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Q. Who is Mr. Smarty Plants?

A: There are those who suspect Wildflower Center volunteers are the culpable and capable culprits. Yet, others think staff members play some, albeit small, role. You can torture us with your plant questions, but we will never reveal the Green Guru's secret identity.

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Ask Mr. Smarty Plants

Ask Mr. Smarty Plants is a free service provided by the staff and volunteers at the Lady Bird Johnson Wildflower Center.

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Please forgive us, but Mr. Smarty Plants has been overwhelmed by a flood of mail and must take a break for awhile to catch up. We hope to be accepting new questions again soon. Thank you!

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Saturday - July 16, 2011

From: Lebo, KS
Region: Midwest
Topic: Diseases and Disorders, Seasonal Tasks, Transplants, Trees
Title: Leaves on 3 year old maple turning brown in Lebo, KS.
Answered by: Jimmy Mills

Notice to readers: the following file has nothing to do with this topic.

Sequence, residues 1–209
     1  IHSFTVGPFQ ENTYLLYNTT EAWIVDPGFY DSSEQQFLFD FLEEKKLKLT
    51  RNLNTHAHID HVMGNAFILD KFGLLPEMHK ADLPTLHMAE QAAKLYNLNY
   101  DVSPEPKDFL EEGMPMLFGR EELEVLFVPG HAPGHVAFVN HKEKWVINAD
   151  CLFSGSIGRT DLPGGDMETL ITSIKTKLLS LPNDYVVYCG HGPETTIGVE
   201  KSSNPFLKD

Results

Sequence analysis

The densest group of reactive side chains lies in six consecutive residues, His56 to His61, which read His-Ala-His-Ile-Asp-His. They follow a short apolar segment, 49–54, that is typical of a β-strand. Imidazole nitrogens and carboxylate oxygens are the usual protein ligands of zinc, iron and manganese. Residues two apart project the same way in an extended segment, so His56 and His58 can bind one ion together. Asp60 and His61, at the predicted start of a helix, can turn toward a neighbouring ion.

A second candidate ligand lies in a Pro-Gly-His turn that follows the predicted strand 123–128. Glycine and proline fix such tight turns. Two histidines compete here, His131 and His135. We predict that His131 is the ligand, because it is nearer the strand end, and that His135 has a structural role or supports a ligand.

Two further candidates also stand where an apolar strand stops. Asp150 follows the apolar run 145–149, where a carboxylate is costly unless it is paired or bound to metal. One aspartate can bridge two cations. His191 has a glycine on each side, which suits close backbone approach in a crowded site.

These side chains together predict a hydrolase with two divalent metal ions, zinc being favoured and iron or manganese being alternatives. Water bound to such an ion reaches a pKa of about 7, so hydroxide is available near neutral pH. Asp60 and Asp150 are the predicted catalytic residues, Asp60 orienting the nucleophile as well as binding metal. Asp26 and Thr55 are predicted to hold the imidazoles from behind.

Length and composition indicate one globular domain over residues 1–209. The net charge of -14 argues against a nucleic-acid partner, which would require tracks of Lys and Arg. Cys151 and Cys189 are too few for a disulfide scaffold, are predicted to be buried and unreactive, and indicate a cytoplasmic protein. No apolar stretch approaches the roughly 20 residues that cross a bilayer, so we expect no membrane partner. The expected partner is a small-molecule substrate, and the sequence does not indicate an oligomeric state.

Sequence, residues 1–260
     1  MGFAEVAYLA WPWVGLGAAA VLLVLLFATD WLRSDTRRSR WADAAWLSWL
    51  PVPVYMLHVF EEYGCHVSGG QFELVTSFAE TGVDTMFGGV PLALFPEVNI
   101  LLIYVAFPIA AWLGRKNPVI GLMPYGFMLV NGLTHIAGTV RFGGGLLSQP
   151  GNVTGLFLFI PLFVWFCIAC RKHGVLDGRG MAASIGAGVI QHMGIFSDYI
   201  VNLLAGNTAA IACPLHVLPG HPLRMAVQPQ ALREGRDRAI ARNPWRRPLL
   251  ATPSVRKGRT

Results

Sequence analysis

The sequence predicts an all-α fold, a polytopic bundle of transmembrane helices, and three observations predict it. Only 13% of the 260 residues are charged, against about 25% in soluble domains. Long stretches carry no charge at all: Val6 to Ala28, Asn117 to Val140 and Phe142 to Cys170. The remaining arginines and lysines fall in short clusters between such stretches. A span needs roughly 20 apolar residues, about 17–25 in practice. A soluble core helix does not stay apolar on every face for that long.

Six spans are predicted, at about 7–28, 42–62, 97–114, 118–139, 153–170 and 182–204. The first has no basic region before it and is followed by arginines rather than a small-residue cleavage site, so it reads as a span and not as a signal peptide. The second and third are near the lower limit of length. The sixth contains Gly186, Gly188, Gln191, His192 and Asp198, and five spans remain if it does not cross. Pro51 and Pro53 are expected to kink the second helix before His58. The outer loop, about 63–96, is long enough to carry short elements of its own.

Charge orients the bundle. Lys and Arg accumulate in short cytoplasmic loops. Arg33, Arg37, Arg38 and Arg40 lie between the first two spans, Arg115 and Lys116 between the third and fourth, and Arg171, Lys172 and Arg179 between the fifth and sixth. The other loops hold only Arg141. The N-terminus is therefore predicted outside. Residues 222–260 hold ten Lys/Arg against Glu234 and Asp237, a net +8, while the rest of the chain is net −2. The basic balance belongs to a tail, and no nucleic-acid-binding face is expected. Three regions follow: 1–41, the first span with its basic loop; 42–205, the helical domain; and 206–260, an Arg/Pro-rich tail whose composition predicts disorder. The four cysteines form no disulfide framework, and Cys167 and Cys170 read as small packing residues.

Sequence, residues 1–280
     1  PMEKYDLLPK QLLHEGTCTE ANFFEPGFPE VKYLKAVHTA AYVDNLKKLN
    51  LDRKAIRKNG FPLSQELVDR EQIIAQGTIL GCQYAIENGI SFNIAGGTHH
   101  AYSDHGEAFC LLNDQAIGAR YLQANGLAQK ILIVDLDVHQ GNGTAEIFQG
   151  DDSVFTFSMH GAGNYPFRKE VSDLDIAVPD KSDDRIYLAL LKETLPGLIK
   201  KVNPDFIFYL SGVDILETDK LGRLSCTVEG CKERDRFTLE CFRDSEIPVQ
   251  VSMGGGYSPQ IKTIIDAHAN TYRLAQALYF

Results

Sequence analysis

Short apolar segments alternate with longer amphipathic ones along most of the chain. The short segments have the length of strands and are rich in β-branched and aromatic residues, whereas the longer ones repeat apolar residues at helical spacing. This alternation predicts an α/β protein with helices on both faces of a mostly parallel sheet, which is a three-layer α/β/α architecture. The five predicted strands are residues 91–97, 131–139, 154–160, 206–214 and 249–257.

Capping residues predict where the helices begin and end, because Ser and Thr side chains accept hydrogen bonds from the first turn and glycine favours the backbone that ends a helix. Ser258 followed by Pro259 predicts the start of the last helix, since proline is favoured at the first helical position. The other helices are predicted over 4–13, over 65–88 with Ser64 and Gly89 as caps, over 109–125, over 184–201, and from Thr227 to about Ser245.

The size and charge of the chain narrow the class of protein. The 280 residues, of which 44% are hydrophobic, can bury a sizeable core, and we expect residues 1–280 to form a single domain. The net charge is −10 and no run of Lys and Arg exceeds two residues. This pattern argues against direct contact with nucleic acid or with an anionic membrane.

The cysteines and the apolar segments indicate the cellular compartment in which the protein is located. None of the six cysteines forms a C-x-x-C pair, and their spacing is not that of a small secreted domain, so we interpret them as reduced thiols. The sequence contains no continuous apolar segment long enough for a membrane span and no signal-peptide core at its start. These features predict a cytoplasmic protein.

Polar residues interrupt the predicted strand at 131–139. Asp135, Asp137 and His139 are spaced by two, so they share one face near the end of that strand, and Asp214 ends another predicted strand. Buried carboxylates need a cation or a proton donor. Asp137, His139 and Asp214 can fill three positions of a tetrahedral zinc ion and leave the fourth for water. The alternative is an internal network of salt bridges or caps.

QUESTION:

Hello, one of our five Maple trees which is is 3 yrs. old now, we saw a week ago that the leaves started turning brown and dropping. My question is: Will the tree survive this and return healthy next spring? We have been watering it since this happened, e/o day. Thank you!

ANSWER:

Some thoughts that race through Mr. Smarty Plants’ head: What has changed recently in the plant’s world? (watering, fertilizing, insect attack.....?) Have all of the leaves dropped? Is the plant alive? What about the other four maples?

This may sound strange, but even after three years, your plant may be experiencing transplant shock. Being transplanted is is a stressful experience for a plant, and in some cases it can take up to five years before the situation stabilizes. This  can vary depending on the type of plant, soil conditions, amount of moisture, and other environmental factors. Right now in Texas, we are having a drought.

I’m going to refer you to some web sites that deal with tree planting, transplant shock in trees, and watering tips (you should reduce the watering to only once a week at most).

Tree planting

Transplant shock

   north scaping.com

   gardeningknowhow.com

Watering tips

To determine if your plant is living, you can do the “thumbnail test”. Take a small upper branch and scrape of some of the outer bark with your thumbnail. You are  looking for green (living) tissue. If you find none, move down the stem a little bit and try again. Continue down the stem until you find green tissue; if none is found, I'm afraid that your tree isn’t alive.

 

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